Though the United States continues to urbanize, some residents choose a quieter locale to live and work, including Citizen Potawatomi tribal member Amy Sunday. She currently lives in the small city of Holton, Kansas, near her hometown of Netawaka. The Martin family descendant graduated from Jackson Heights High School outside Holton before getting a degree in veterinary medicine at Kansas State University. The Hownikan recently spoke with Dr. Sunday, owner of Heartland Veterinary Health Center, about her background, career and decision to work in a rural setting.
Why did you decide to pursue an education in veterinary medicine at Kansas State?
“I always enjoyed animals from a young age. I would always be outside on our farm playing with anything that would let me hold it. As I became older, I became interested in the dual aspect of science and animal care of veterinary medicine, and so I set my sights on it.”
While you manage the medicinal and surgical cases on an individual basis, you also focus on herd health. What does a veterinarian do in that specific area?
“Herd health is the medical management of farm production animals such as cattle, goats, sheep and pigs. We manage their overall health profile. This involves a heavy focus on preventative medicine, which is a combination of vaccinations, genetics, nutrition and environmental management of farm animals to keep them as healthy as possible. We do this in the hopes that we can prevent as much sickness as possible in the herd. We work closely with our producers to develop a plan that works the best for their situation.”
You returned to your hometown area to provide veterinary services. Why did you feel the need to return there as opposed to heading to a bigger city?
“I have always enjoyed the small-town vibe. There is something unique about knowing your neighbors and being able to say hi to each other at the grocery store, at dinner or feeling safe letting your kids walk to school. I also am very close to my family, so being able to see them on a regular basis is a great bonus.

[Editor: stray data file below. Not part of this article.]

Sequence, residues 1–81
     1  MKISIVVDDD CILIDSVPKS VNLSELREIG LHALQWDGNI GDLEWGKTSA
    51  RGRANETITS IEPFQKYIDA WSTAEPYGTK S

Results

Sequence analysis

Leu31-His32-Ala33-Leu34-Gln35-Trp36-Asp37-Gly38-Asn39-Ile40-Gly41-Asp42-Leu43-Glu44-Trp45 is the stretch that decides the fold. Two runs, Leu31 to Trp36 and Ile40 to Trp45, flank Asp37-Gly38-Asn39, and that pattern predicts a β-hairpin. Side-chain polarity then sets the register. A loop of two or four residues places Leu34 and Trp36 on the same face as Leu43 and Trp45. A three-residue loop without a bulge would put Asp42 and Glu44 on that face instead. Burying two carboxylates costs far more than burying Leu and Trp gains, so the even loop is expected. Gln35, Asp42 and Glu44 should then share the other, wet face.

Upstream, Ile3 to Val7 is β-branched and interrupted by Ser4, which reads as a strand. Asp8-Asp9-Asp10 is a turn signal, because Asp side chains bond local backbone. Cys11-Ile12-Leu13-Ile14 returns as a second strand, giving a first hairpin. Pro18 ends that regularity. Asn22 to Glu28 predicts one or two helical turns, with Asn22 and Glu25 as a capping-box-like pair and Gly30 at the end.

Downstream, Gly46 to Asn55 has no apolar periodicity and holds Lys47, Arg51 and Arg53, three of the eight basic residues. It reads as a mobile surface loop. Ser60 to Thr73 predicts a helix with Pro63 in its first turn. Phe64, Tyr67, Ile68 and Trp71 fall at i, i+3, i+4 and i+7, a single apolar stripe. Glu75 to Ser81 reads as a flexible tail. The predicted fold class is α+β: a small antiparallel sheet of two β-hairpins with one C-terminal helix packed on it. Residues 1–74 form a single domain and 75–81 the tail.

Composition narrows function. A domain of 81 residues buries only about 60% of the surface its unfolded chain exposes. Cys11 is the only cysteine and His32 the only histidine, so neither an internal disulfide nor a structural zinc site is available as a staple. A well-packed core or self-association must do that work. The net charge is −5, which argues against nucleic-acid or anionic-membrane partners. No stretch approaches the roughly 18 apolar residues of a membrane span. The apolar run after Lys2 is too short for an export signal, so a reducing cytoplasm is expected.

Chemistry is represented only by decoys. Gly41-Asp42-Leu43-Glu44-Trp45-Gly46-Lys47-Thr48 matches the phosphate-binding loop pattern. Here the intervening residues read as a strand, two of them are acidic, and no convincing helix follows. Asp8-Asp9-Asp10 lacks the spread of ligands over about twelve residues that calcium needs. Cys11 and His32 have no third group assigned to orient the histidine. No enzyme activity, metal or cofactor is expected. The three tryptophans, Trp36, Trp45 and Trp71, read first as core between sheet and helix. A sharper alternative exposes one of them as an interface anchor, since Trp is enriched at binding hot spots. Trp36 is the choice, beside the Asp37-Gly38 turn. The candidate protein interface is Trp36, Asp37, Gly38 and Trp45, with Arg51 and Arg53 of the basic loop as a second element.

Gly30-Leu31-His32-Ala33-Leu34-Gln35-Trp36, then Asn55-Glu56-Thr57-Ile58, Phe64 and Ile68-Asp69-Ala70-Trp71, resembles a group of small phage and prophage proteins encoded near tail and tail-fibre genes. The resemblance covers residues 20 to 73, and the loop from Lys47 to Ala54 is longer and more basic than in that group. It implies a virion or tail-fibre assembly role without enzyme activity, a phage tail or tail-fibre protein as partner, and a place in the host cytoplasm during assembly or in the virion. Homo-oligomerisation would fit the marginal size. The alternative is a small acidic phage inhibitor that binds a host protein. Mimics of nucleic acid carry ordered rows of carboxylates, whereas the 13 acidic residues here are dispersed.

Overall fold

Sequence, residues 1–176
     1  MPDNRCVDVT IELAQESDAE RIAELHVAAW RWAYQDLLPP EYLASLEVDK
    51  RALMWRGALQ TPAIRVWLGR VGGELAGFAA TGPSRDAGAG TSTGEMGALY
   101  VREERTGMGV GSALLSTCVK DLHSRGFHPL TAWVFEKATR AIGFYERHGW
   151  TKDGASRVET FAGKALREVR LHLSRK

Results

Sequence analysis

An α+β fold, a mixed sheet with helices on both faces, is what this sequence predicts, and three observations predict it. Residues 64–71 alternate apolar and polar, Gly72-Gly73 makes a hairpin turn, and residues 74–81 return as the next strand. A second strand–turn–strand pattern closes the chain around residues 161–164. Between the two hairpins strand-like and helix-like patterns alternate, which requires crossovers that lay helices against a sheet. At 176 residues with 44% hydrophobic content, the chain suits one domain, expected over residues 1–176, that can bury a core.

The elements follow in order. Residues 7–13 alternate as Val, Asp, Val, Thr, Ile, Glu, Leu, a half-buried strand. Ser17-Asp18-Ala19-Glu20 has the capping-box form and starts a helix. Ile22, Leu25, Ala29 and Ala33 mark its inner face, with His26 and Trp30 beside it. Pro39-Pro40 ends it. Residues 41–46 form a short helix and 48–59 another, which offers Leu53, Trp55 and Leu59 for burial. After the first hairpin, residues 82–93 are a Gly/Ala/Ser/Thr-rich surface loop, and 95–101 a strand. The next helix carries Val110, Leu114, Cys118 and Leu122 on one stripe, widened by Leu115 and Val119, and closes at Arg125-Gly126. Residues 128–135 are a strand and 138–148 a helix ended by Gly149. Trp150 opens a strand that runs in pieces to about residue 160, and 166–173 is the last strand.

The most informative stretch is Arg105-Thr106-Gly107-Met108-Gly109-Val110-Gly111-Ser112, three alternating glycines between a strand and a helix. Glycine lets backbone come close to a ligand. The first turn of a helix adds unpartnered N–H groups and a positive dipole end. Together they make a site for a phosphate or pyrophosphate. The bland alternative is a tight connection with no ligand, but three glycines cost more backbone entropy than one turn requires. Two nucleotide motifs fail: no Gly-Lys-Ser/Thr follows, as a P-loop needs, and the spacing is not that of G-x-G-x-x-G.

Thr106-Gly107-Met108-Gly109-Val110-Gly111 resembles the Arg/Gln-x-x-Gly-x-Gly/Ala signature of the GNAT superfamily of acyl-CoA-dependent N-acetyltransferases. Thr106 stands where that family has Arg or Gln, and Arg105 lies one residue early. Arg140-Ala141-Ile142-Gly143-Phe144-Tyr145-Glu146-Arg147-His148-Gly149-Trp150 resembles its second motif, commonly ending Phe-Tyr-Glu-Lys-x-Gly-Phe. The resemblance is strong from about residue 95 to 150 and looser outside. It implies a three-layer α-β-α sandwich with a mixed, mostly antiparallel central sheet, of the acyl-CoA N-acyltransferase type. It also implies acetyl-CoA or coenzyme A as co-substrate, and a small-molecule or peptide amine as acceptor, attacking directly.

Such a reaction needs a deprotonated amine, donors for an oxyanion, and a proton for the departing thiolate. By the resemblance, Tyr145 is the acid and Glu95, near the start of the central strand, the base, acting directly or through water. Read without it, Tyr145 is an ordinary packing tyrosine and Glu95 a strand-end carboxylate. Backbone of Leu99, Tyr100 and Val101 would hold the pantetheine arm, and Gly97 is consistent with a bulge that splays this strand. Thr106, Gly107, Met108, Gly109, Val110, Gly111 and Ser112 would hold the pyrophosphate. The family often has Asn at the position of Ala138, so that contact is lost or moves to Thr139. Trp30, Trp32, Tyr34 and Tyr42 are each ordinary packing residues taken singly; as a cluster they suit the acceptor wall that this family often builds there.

“Holton is a rural community as well, so I am able to get the mixture of working with clients’ dogs and cats, but also their farm animals.”
What are the components of managing those responsibilities and running the business side of things?
“It was definitely an adjustment taking over the business. We are taught how to be veterinarians in school but not how to be business owners. It was a bumpy road, but we are fast learners and surrounded ourselves with individuals who did receive educations in business to consult with. It is hard to go from working up a medical case to then having to shift gears and manage employees or inventory problems, etc. I enjoy the challenge, however, and don’t regret it.”
What are your favorite animals to treat, in terms of either the biggest challenge or the reactions you get from their owners?
“My favorite animals to work with are felines. I have also been a cat lover, so I feel like I understand them more than most individuals. I enjoy them so much that I pursued the added effort to make my practice a certified Cat Friendly Practice through the American Association of Feline Practitioners.
“This certification required us to study feline behavior and handling techniques in-depth; have special cat boarding and exam room facilities; and feline specific medical instruments. I truly enjoy working with the ‘scary’ cats that others just don’t understand. If you use the techniques I was trained to use with this program, they can actually be great animals to care for.”
To learn more about Dr. Amy Sunday and her practice at Heartland Veterinary Health Center, please visit heartlandvetholton.com.